Presentation on theme: "Chapter 2 Jesus of Nazareth. Questions to be addressed in this chapter 1.What can we know about Jesus of Nazareth? 2.Who was Jesus? 3.What did Jesus teach?"— Presentation transcript:
Questions to be addressed in this chapter 1.What can we know about Jesus of Nazareth? 2.Who was Jesus? 3.What did Jesus teach? 4.How did Jesus understand himself?
Searching for the Jesus of history The word “gospel” comes from the old English word godspell which meant “good news”; in the New Testament, the good news refers to the story of Jesus Christ’s life, death, resurrection, and teachings. “Gospel” also refers to the semi-biographical accounts of Jesus life, four of which are collected in the New Testament as the Gospels of Matthew, Mark, Luke, and John.
Who was Jesus? There is no doubt that there was a person named Jesus (or Yeshua in his native tongue of Aramaic) from the city of Nazareth in the early first century of the Common Era. It is this figure who is designated the Jesus of History by those who endeavor to learn as much as they can about him through rigorous historical methodology. Many of these same researchers claim that this historical figure was transformed into a fictional character by his early followers when they attributed to him all sorts of sayings and supernatural actions that never happened. The researchers find it helpful to refer to this fictional character as the Christ of Faith, whom they believe is the figure worshipped by Christians.
What did Jesus teach? The central theme of Jesus’ teaching is one that builds upon John the Baptist’s preaching: the reign and rule of God is about to be established, and indeed it has already been inaugurated. This was the hope of the Jewish people. The Sermon on the Mount is probably Jesus’ attempt to provide an alternative way of seeing the kingdom of God come and be enacted on earth.
Significant sayings of Jesus from the Sermon on the Mount Blessed are the peacemakers, for they will be called children of God (Mt 5:9). If someone strikes you on the right cheek, turn to him the other also (5:39). Love your enemies and pray for those who persecute you (5:44). Do not judge or you too will be judged (7:1). Do to others as you would have them do to you (7:12).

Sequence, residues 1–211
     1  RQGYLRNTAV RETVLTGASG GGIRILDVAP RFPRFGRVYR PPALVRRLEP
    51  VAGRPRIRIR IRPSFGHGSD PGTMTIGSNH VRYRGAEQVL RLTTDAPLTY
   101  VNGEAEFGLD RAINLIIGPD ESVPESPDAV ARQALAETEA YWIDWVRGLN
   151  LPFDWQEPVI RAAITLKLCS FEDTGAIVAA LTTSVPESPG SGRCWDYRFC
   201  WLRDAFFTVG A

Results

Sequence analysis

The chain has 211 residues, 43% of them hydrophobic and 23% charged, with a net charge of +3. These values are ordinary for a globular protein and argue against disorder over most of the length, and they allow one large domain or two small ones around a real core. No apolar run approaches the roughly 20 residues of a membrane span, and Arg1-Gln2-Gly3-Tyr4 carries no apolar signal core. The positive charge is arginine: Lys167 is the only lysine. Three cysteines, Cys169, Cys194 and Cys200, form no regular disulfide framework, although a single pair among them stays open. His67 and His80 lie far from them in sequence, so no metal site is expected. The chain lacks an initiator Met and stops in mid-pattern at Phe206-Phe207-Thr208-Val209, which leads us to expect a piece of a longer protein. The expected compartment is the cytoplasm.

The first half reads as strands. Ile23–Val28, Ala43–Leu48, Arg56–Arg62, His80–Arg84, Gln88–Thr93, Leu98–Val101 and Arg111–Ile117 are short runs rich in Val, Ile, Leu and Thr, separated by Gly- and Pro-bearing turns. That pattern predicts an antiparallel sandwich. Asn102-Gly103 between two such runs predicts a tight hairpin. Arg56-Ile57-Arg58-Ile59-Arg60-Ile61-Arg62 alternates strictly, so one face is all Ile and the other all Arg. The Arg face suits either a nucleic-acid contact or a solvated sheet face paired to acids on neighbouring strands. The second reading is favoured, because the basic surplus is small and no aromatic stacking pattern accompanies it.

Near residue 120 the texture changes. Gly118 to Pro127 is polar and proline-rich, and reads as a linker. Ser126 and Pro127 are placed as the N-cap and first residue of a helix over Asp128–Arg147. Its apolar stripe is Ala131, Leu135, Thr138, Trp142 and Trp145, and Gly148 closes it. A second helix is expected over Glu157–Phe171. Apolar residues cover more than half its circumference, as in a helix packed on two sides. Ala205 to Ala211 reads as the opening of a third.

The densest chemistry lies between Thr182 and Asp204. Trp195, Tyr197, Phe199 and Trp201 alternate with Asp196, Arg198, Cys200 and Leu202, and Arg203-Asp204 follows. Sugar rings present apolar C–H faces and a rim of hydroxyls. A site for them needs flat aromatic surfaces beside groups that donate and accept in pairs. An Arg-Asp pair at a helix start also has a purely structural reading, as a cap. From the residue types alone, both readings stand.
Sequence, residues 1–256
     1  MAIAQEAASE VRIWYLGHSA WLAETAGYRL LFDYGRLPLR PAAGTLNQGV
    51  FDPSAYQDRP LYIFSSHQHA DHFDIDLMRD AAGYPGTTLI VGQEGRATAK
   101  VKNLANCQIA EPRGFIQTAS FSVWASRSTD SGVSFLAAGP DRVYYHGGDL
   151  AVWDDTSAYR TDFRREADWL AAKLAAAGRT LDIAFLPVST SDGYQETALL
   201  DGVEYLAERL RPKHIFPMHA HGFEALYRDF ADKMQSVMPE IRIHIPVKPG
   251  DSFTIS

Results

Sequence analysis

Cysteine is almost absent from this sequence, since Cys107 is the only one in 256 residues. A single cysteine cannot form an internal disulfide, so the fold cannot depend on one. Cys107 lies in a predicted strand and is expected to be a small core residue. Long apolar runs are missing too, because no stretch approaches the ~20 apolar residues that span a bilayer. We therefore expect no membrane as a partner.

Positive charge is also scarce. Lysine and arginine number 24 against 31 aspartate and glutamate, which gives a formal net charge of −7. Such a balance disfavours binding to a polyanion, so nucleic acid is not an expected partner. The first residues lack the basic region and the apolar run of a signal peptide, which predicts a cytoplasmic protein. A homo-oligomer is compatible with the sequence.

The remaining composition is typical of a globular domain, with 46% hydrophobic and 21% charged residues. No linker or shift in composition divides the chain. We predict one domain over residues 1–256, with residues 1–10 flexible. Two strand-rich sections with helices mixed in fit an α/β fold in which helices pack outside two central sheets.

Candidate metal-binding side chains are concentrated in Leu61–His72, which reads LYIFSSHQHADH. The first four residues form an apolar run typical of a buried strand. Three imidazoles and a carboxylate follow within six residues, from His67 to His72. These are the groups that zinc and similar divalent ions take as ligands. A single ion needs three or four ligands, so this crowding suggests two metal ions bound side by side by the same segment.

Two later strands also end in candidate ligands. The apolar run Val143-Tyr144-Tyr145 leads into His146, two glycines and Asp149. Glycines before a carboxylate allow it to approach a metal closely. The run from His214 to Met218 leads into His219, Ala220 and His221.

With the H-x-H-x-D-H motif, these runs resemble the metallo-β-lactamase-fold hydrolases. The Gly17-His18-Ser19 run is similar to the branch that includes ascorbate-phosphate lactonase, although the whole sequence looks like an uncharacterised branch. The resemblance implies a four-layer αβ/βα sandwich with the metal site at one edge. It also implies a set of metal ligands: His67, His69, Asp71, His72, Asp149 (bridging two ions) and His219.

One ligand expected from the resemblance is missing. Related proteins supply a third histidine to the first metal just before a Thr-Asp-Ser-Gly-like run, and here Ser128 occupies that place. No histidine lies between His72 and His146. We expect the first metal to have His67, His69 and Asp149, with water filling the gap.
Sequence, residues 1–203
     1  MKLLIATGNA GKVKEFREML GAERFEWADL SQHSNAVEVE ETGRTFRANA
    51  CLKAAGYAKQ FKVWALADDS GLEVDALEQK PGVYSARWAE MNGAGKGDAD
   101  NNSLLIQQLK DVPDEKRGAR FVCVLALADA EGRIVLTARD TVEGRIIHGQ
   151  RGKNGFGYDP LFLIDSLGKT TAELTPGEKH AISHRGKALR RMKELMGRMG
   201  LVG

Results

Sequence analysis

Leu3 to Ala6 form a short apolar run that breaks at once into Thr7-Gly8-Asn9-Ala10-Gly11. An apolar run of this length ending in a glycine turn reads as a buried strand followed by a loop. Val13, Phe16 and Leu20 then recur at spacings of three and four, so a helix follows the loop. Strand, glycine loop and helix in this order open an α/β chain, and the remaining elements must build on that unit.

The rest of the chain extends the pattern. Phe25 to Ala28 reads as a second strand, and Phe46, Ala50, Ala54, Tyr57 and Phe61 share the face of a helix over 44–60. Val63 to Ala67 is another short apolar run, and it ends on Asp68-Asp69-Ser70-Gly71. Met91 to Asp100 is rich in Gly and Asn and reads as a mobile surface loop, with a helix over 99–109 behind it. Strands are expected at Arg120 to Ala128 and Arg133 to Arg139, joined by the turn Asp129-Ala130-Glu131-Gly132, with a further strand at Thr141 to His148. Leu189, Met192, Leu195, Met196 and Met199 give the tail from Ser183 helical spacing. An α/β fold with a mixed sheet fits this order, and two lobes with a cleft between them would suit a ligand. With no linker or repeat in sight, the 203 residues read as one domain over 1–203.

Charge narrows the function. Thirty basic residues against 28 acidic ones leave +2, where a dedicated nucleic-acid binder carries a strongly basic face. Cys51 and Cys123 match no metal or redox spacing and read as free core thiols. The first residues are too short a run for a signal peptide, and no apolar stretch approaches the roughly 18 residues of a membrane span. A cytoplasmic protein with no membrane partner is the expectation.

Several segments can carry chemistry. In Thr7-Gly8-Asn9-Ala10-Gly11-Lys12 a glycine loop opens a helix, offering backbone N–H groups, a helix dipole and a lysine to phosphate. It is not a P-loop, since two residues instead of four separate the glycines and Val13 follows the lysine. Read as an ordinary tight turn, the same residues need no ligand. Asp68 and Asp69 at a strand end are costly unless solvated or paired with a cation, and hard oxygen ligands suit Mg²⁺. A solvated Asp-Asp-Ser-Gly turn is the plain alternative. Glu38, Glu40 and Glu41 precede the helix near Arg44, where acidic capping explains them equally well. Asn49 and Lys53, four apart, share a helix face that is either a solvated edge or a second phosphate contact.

How did Jesus understand himself? All four of the New Testament gospel writers regarded Jesus as the messiah, but it doesn’t seem to be a title that Jesus was particularly eager to embrace. The title Jesus preferred in the Gospels was “Son of Man.” In using the title “Son of Man,” Jesus was intentionally linking himself and his mission to the apocalyptic scene in the Old Testament book of Daniel.
Son of Man in the Old Testament Book of Daniel “In my vision at night I looked, and there before me was one like a son of man, coming with the clouds of heaven. He approached the Ancient of Days and was led into his presence. He was given authority, glory and sovereign power; all peoples, nations and men of every language worshiped him. His dominion is an everlasting dominion that will not pass away, and his kingdom is one that will never be destroyed.” (Daniel 7:13)
Summary of Main Points 1. Although the primary texts about Jesus contain significant interpretive difficulties, it is reasonable to accept that we can learn about the historical Jesus from them. 2.Jesus of Nazareth was a Jewish itinerant teacher from the region of Galilee who was put to death by the Romans (at the instigation of the Jewish rulers); his followers believed that he was resurrected from the dead. 3.Jesus taught that there was a new way of seeing the kingdom of God come to earth. 4.Jesus believed himself to be specifically anointed by God to speak and act on his behalf and to rule in the new kingdom.